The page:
For example, at segment 522, a determination is made as to whether the initial voltage on D 108 has discharged below the voltage on D* 106 in the predetermined timeframe (e.g., 15-30 ns). Referring back to FIG. 3, the voltage values at D* 106 and D 108 are respectively fed to gates of transistors 305 and 300. If at the predetermined time t2, the voltage at the digit line D 108 is higher than the voltage at the digit complement line D* 106, then D* 106 is grounded and D remains floating and considered as having a high resistance level (e.g., logic HIGH) at segment 524.

It should be noted that rowline 122 may be turned off after the access transistor 114 is turned on. Doing so, however, will present the programmable conductor memory element 116 from being rewritten. This may be desired when a logic HIGH was read since a re-write may not be desired after each read operation of a logic HIGH as this is the normal state of the programmable conductor memory element 116 and repeated unnecessary re-writing may result in damage to the element 116 over time.

Still referring to segment 522, if at the predetermined time t2, the voltage at D 108 is lower than that at D* 106, then line D 108 is grounded and D 108 is considered as having a low resistance level (e.g., logic LOW) at segment 526.

At segment 528, P-sense amplifier 360 is enabled, via control signal Fire P, a predetermined time (e.g., 1-5 ns) t3 after the N-sense amplifier 350 is enabled. If a high resistance level was recognized at segment 524 (i.e., D 108 is logic HIGH), then transistor 330 is on and transistor 325 is off and the voltage at line D 108 is boosted to approximately Vdd at segment 530.

If a low resistance level was recognized at segment 524 (i.e., D 108 is logic LOW), then transistor 330 is off and transistor 325 is on and line D* 106 is maintained at approximately Vdd at segment 532.

At segment 534, the rowline 122 voltage is raised to approximately Vdd. If the programmable conductor memory element 116 contained a low resistive state, then, as described above, raising the rowline 122 voltage to approximately Vdd is not necessary to re-write a low resistive state; however, the rowline 122 is nonetheless raised in order to facilitate re-writing a high resistance state. That is, if the programmable conductor memory element 116 contained a high resistive state, then raising the rowline 122 to approximately Vdd sets the voltage at point A to approximately 1.7V, thereby placing a voltage potential difference of approximately 0.45V across the programmable conductor memory element 116 which is sufficient for re-writing.

FIG. 6 depicts a timing diagram showing a process flow for finding a high resistance level, as described in connection with a portion of FIG. 5. For example, initially, both D 108 and D* 106 are precharged to approximately Vdd. At time t1, rowline 122 fires and turns on transistor 114. The voltage at D 108 increases by approximately 0.1V to approximately 2.6V due to the parasitic capacitance 138 between rowline 122 and column line 108. Then, line D 108 is discharged from approximately 2.6V for approximately 15-30 ns while line D* 106 is maintained at approximately Vdd. At time t2, N-sense amplifier 350 is enabled and compares the voltage at line D 108 with that of line D* 106. If the voltage measured at D 108 is greater than that of D* 106, then a high resistance level is recognized, as described in connection with FIG. 5. In addition, line D* 106 is forced to ground (0V) at time t2. At time t3, P-sense amplifier 360 is enabled and line D is boosted to Vdd and read as logic HIGH. At time t4, the rowline 122 voltage is increased from approximately 2.25 to approximately Vdd, thereby enabling the contents of the programmable conductor element 116 to be rewritten.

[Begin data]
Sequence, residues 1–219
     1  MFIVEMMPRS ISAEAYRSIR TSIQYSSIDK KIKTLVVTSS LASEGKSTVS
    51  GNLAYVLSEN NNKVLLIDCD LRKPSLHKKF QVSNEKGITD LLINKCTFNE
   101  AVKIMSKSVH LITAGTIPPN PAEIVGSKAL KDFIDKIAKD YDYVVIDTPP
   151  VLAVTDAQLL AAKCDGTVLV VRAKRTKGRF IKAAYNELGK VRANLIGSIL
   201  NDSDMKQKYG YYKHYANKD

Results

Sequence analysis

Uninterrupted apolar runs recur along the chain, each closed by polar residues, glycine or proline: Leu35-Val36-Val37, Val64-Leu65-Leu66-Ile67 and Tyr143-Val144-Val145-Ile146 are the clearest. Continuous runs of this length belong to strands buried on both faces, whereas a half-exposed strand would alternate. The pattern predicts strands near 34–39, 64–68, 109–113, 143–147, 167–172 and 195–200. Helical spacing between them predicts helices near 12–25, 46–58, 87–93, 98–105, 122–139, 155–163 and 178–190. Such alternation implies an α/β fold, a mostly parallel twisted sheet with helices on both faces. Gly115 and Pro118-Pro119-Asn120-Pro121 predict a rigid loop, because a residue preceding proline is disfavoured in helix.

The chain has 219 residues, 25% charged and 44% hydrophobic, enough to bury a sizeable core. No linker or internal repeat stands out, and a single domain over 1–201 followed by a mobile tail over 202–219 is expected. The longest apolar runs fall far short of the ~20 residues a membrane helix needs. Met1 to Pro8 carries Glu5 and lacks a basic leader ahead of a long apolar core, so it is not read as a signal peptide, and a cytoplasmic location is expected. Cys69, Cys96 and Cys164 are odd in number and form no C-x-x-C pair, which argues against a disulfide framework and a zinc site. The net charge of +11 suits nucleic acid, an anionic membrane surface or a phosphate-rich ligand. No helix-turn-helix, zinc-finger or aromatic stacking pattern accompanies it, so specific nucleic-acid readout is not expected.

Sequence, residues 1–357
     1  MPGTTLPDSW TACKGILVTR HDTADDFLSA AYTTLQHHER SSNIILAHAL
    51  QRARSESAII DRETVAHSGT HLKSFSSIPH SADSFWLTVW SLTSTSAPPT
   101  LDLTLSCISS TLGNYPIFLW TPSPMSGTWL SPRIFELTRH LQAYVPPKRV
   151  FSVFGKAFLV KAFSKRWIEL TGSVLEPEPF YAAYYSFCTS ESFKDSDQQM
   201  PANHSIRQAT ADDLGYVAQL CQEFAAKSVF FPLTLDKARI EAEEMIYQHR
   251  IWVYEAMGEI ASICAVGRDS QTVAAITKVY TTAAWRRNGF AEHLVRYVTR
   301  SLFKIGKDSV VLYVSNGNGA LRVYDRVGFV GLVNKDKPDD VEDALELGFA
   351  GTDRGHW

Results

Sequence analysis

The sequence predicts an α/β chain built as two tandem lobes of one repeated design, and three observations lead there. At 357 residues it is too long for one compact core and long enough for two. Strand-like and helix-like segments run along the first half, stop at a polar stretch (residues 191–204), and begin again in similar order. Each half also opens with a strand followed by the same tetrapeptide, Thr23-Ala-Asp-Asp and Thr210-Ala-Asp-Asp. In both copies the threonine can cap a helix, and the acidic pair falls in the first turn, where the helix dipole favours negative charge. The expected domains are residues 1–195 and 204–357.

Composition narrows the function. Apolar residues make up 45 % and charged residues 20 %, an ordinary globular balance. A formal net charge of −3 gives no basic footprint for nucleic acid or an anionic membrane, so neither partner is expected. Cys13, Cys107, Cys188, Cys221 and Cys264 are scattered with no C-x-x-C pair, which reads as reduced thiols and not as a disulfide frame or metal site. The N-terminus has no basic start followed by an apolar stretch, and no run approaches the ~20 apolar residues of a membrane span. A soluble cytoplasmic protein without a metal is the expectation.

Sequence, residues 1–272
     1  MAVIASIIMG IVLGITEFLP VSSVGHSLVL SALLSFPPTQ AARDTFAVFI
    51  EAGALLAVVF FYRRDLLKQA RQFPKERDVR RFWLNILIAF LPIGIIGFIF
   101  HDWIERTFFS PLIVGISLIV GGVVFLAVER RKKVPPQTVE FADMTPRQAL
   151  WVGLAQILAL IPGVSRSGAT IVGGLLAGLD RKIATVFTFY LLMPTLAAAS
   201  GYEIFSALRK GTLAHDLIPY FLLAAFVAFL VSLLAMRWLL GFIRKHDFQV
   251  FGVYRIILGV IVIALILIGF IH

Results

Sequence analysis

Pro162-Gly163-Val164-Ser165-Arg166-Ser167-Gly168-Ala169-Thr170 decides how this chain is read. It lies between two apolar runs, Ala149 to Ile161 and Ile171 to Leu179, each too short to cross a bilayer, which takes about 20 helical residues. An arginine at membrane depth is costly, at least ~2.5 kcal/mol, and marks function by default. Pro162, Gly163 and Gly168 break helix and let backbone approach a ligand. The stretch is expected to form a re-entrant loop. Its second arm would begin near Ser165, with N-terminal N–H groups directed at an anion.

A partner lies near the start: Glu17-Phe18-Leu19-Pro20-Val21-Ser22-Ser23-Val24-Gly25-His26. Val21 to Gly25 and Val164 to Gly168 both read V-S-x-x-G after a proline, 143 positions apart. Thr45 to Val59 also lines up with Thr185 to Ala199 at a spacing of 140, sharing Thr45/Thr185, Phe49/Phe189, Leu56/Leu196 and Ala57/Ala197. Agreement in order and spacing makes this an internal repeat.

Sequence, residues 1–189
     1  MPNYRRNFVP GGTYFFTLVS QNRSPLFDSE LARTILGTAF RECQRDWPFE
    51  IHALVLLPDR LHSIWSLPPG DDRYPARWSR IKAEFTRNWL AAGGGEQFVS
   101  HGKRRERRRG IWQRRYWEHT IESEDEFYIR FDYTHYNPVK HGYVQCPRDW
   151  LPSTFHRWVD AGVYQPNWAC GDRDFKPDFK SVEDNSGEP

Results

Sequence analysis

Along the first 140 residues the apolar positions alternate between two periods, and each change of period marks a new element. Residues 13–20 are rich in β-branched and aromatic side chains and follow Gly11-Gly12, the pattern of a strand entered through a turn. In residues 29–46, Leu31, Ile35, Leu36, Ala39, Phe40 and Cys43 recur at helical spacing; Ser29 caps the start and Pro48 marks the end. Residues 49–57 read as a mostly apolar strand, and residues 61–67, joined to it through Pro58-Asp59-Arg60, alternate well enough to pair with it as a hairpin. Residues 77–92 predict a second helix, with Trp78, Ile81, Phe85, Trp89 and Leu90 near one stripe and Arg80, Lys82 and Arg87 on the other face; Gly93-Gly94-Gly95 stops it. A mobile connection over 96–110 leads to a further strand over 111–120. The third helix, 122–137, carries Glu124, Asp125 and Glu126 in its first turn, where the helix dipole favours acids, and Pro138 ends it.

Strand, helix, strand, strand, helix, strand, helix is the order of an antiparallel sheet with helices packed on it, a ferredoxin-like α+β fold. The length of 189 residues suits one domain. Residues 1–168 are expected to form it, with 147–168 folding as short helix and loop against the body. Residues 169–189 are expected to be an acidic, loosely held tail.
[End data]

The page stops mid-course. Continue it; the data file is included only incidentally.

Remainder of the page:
FIG. 7 depicts a timing diagram showing a process flow for finding a low resistance level, as described in connection with a portion of FIG. 5. For example, initially, both line D 108 and line D* 106 are precharged to approximately Vdd. At time t1, rowline 122 fires and turns on transistor 114. The voltage at D 108 increases by approximately 0.1V to approximately 2.6V due to parasitic capacitance 138. Then, D 108 is discharged from approximately 2.6V for approximately 15-30 ns while D* 106 is maintained at approximately Vdd. At time t2, N-sense amplifier 350 is enabled and compares the voltage at line D 108 with that of line D* 106. If the voltage measured at D 108 is less than that of D* 106, then a low resistance level is recognized, as described in connection with FIG. 5. In addition, line D 108 is forced to ground (0V) at time t2. At time t3, P-sense amplifier 360 is enabled and line D remains at 0V and is read as logic LOW and line D* is maintained at approximately Vdd. At time t4, rowline 122 voltage is increased from approximately 2.25 to approximately Vdd. As described above, although this is not necessary to re-write a low resistance level in the programmable conductor memory element 116, it is done so that other memory cells storing a high resistance level may be re-written.

FIG. 8 illustrates a block diagram of a processor system 800 containing a PCRAM semiconductor memory as described in connection with FIGS. 1-7. For example, the PCRAM memory arrays 100, 165 described in connection with FIGS. 1-7 may be part of random access memory (RAM) 808 which may be constructed as a plug-in module containing one or more memory devices having the PCRAM structure described above. The processor-based system 800 may be a computer system or any other processor system. The system 800 includes a central processing unit (CPU) 802, e.g., a microprocessor, that communicates with floppy disk drive 812, CD ROM drive 814, and RAM 808 over a bus 820. It must be noted that the bus 820 may be a series of buses and bridges commonly used in a processor-based system, but for convenience purposes only, the bus 820 has been illustrated as a single bus. An input/output (I/O) device (e.g., monitor) 804, 806 may also be connected to the bus 820, but are not required in order to practice the invention. The processor-based system 800 also includes a read-only memory (ROM) 800 which may also be used to store a software program.